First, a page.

What is Plasma Treatment?

How does plasma treatment work and what can it do for you?

 Henniker Plasma Informational Poster

Henniker Plasma invite you to request one of our fantastic posters free of charge and an excellent guide to plasma treatment. We will be sending these to our valued customer base but if you would like to receive your free guide, please don’t hesitate to get in touch via our contact page to request your copy.

Henniker Plasma's 'What is plasma treatment?' Poster

What is PLASMA TREATMENT and HOW DOES IT WORK?

0.0  States of matter

Solid, liquid and gas are the three states of matter we are all familiar with. We can move between the states by adding or removing energy (e.g. heating/cooling). If we continue to add enough energy, gas molecules will become ionised (lose one or more electrons) and so carry a net positive charge. If enough molecules are ionised to effect the overall electrical characteristics of the gas the result is called a plasma. Plasmas are therefore, quite rightly, often referred to as the fourth state of matter. A plasma contains positive ions, electrons, neutral gas atoms or molecules, UV light and also excited gas atoms and molecules, which can carry a large amount of internal energy (plasmas glow because light is emitted as these excited neutral particles relax to a lower energy state). All of these species can and do interact with any surface placed in contact with the plasma. By choosing the gas mixture, power, pressure etc. we can quite precisely tune, or specify, the effects of the plasma upon the surface.

 


0.1, 0.2 & 0.3 Steps in the Plasma Treatment Process

Plasma treatments are performed in an evacuated enclosure, or chamber. The air is pumped out and a gas is allowed to flow in at low pressure before energy in the form of electrical power is applied. It’s important to note that these types of plasmas are actually low temperature, meaning that heat sensitive materials can be processed quite readily.

 


 0.4 Surface Cleaning

Plasma cleaning is a proven, effective, economical and environmentally safe method for critical surface preparation. Plasma cleaning with oxygen plasma eliminates natural and technical oils & grease at the nano-scale & reduces contamination up to 6 fold when compared with traditional wet cleaning methods, including solvent cleaning residues themselves. Plasma cleaning produces a pristine surface, ready for bonding or further processing, without any harmful waste material.

 


0.5 Hydrophobic Coatings & Hydrophilic Coatings

In plasma coatings a nano-scale polymer layer is formed over the entire surface area of an object placed in the plasma. The plasma coating process takes just a few minutes. The coating produced is typically less than 1/100th thickness of a human hair, colourless, odourless and doesn’t affect  the look or feel of the material in any way. It is a permanent coating too, being bound to the material surface on an atomic scale. Plasma coatings are one of the most exciting areas of plasma technology, offering enormous potential to enhance a material’s function and value over a wide range of applications. They deliver two main categories of surface property: totally liquid (water & oil) repellent, or totally wettable.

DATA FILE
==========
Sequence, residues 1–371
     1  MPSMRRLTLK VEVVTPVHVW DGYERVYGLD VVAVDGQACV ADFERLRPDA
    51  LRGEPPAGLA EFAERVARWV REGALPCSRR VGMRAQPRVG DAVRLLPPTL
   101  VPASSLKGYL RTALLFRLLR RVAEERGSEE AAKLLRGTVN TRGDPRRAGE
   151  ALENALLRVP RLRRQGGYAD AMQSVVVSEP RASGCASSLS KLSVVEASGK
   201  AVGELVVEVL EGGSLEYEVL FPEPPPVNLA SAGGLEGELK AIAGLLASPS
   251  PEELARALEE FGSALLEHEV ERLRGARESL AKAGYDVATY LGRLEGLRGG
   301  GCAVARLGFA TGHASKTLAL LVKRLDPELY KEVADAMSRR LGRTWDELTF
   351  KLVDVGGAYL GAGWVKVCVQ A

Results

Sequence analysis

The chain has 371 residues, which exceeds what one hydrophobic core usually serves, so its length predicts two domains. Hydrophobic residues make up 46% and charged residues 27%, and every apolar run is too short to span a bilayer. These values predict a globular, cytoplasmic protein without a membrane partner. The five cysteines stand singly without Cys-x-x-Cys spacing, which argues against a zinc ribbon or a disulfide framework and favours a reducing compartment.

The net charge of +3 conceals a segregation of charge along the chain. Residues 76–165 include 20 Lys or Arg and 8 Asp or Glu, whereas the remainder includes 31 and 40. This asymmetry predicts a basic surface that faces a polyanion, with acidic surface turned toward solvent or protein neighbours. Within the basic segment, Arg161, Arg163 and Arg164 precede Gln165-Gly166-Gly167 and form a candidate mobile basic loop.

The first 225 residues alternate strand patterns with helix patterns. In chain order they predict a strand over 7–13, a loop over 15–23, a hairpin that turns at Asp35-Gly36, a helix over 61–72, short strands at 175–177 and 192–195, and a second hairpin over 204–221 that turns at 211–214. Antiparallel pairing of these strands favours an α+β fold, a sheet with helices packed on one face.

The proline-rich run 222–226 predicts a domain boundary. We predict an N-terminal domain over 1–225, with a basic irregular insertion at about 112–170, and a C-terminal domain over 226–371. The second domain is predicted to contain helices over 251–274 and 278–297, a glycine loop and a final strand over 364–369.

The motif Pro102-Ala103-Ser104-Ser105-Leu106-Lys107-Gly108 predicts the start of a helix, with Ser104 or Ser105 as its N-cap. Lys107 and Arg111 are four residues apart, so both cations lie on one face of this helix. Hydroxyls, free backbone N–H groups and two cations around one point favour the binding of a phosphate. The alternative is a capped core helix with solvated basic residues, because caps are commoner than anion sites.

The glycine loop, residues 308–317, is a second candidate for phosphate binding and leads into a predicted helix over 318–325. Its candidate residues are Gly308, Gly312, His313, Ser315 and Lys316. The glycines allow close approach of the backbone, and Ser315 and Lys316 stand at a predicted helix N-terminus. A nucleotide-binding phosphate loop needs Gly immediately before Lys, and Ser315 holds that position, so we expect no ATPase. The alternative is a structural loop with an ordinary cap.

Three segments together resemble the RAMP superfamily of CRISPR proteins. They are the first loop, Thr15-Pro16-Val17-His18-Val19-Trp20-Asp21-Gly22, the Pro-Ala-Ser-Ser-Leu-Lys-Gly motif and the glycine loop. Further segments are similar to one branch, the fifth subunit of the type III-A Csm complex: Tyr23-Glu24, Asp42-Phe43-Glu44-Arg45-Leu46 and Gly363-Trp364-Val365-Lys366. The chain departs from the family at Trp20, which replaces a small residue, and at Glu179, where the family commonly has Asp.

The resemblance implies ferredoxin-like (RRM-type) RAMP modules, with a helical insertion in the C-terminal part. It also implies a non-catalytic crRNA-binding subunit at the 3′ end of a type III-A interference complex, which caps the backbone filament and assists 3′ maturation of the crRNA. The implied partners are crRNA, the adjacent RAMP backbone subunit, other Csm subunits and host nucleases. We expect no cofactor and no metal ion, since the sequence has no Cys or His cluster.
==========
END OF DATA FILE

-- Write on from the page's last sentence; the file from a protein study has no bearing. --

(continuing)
How Plasma Coatings Work

Monomers are introduced with the plasma feed gas. Monomers are small molecules which will, under the correct conditions, bond together to form polymers. Plasmas create the right conditions at the surface of the material for this to happen both quickly and efficiently. Different monomers are used to produce hydrophobic and hydrophilic surfaces.

 


 0.7 Plasma Surface Activation

Plasma surface activation is effective at altering the surface of a polymer by attaching polar or functional groups to it. Many polymers, in particular polyolefins such as polyethylene and polypropylene, are chemically inert and cannot bond easily to other materials, displaying poor adhesion with inks, paint and glues. The reason for this is the absence of polar and reactive functional groups in their
structure. Plasma surface activation renders many polymers receptive to bonding agents and coatings. Oxygen is usually used as the process gas, however many plasma activations can also be carried out with just air. Parts remain active for a few minutes up to several months, depending on the particular material that has been plasma treated. Polypropylene for example can still be reprocessed several weeks after treatment.

How Plasma Surface Activation Works

UV radiation and active oxygen species from the plasma break up separating agents, silicones and oils from the surface. These are pumped away by the vacuum system. Active oxygen species (radicals) from the plasma bind to active surface sites all over the material, creating a surface that is highly ‘active’ to bonding agents.

 


0.8 Plasma Surface Etching

Plasma surface etching is a type of plasma treatment used to increase the surface area of a material on the microscopic scale. The surface of the component is etched with a reactive process gas. Material from the surface is etched away, converted to the gas phase and removed by the vacuum system. The surface area is greatly increased, raising the surface energy and making the material easily wettable. Plasma surface etching is used before printing, gluing and painting and is particularly useful for processing of e.g. POM & PTFE, which cannot otherwise be printed on or bonded without the use of aggressive chemicals.

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